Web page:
Breaking it down, 30-minute rounds mean that each player has just 15 minutes to make all the decisions associated with his or her deck. That’s 15 minutes to lay every resource, recruit every character, arrange every formation, propose every attack, and ponder every recovery. So to address your first point, players can think through all the options they like, as long as they are each able to do so within 15 minutes.
If you require 25 minutes to make those decisions, it’s not fair to force your opponent to squeeze his or her decisions into the remaining 5, and if you both require 25 minutes, it’s not fair to force every other player to wait an extra 20 minutes for your match to finish. Yes, it’s a complicated game with lots of decisions, but if 300 players of the same game are waiting for you, you’re playing too slowly.
Looking at your scenario, if a judge saw a player burn more than 2 of his or her 15 minutes on a single recruit step, that player would definitely get a slow play warning. But in your scenario, the judge didn’t see it. When it comes to slow play, a judge can only rule on what he or she witnesses, not what one player says about another. Rather than secretly timing your opponent . . .
3. If you suspect your opponent of slow play, call a judge sooner rather than later.
A judge’s options are far more limited when called to watch a slow game with 2 minutes left compared to a slow game with 20 minutes left, and yet players seem reluctant to call their opponents for slow play before it’s too late. Again, this is not “being a dick.” I think most, if not all, players would like a faster PC, and this is where it begins.
Judges only have the relatively blunt weapons of warnings and game losses to combat slow play (and both were handed out at PC LA, and both will doubtless be handed out in Atlanta). But to be most effective, these weapons need to be directed by the player community policing itself. If you’re concerned about slow play, it’s far more constructive to call a judge on a slow opponent rather than complain to a judge while you’re waiting between rounds. The earlier you call one, the better.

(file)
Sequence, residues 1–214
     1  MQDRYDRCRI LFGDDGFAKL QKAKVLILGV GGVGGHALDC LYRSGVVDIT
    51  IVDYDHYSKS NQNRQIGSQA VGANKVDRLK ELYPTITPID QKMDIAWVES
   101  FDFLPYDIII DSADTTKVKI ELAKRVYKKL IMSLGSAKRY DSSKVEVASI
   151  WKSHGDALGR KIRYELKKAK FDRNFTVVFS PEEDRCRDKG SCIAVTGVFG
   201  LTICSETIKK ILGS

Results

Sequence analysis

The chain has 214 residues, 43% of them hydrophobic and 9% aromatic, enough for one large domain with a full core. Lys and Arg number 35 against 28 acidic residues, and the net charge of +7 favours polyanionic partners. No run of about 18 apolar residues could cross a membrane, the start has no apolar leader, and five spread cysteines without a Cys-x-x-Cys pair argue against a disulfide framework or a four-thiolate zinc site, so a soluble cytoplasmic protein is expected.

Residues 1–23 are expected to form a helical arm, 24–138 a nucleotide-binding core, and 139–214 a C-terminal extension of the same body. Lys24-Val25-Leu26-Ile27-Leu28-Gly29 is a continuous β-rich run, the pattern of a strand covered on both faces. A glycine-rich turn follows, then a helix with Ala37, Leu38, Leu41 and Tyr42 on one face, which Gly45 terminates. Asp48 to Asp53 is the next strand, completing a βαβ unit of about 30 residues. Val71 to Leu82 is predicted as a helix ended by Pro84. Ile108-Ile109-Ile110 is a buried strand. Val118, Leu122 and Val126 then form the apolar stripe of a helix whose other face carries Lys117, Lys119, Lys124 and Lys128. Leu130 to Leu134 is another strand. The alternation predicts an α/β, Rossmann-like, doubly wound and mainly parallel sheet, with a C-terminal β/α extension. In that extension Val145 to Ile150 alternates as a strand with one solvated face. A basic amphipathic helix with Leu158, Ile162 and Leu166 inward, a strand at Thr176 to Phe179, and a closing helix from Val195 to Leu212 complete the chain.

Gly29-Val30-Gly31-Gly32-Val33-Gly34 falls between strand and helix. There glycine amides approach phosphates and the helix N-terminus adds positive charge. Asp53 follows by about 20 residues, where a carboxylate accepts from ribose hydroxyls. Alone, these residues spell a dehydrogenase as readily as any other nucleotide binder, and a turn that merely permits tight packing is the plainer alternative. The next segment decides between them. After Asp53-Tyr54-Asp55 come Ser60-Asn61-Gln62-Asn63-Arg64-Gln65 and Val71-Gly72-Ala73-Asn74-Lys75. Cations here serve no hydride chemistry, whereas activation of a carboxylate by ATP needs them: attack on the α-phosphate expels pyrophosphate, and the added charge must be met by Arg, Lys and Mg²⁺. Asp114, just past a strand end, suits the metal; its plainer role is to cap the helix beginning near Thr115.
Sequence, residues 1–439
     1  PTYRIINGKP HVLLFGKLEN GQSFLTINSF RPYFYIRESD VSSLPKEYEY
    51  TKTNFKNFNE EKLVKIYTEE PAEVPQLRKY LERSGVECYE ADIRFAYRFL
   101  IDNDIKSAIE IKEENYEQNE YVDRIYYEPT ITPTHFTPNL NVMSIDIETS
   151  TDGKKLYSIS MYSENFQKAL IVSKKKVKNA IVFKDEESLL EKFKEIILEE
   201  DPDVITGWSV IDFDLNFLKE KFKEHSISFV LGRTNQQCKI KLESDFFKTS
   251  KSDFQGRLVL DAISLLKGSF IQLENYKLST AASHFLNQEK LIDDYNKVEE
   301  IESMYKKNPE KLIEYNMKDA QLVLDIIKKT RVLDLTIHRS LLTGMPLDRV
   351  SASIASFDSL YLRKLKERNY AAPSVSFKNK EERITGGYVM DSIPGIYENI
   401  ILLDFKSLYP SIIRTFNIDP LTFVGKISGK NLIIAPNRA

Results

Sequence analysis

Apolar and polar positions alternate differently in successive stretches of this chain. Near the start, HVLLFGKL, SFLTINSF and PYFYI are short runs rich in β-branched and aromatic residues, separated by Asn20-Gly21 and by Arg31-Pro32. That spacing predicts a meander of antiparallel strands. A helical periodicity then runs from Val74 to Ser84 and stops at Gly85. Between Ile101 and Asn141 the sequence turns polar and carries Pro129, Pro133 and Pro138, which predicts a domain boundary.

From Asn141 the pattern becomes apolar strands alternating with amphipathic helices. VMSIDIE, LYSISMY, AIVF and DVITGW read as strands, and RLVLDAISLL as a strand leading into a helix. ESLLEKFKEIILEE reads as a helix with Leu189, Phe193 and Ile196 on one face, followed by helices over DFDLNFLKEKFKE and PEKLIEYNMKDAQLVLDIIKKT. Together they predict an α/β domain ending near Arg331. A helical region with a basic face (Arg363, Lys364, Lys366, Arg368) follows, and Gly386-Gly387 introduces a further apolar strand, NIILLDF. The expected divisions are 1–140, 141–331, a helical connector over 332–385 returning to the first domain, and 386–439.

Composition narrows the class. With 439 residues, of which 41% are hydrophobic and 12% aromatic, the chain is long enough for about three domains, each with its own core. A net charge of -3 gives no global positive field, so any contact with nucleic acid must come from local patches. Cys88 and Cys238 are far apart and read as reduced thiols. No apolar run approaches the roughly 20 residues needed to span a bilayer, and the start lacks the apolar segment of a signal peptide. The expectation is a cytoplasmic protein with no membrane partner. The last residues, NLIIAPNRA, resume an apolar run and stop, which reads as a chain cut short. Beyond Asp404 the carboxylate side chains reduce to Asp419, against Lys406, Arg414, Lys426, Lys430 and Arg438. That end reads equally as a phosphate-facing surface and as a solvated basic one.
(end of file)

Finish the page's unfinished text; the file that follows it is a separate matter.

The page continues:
How early? Well, assuming an average game lasts 7 turns, each player has roughly 2 minutes per turn to make all of his or her decisions. Given that later turns are usually more demanding, you’ve got to buy time with more efficient play on the earlier ones. If an opponent takes the “full” 2 minutes to agonize over decisions on turn 2 or 3, then your game is likely to go long. Another approach is to keep half an eye on surrounding matches. If more than one player has dropped his or her fifth resource, and you’re just finishing your third turn, again, your game could be in danger of timing out.
When you call a judge on a slow opponent, it is far better to do so between turns if possible, rather than mid-decision. Wait until the recovery or draw phase, and when the judge arrives, say something like, “Our match is lagging. Could you please watch us for slow play next turn?” As in your scenario, I’ve seen players take their time with their build, then call a judge to hurry their opponents on theirs, and I agree that it’s borderline unsporting conduct. Judges are aware of this tactic, so there’s certainly no need for the opponent to feel unduly pressured in such cases.
Let me conclude by saying I’m not completely without sympathy for slow players. In fact, as anyone who has played me in a post-PC friendly game will vigorously attest, I’m one myself. So what would I do if I were to play at a PC? Above all, I’d choose a deck I could play quickly. Even if I were convinced that EMS was the best deck in the format, I would reluctantly conclude that it’s not the best deck for me, because I can’t play my half of a game in 15 minutes. Once I’d chosen a fast deck, I’d practice against popular decks until common decisions became second nature. At the event, I’d make sure to be seated as early as possible each round, shuffle quickly and efficiently, and try to power through the opening turns of each game.
If all of us more “methodical” players adopt the same practices for PC Atlanta, hopefully, we’ll see fewer matches timing out. However, if a match does time out, it’s important that both players know the . . .
4) End-of-Match Procedure
There are no draws in Vs. System, so if your game times out, finish the current turn. If there is no winner, play one additional turn. When endurance totals are compared at the end of that turn, the player with the greater endurance total wins. If endurance totals are tied, the player who has the initiative when endurance totals are compared loses the game.
After a match concludes, both players should sign the result slip and then call a judge. The judge will verify the result and sign the slip. Once collected by a judge, the result on a slip is final.
That’s the end of the match, and this is the end of the article! Thanks for reading, and please pass this on to any friends attending PC Atlanta. Your comments (and rules questions) are always welcome at email@example.com.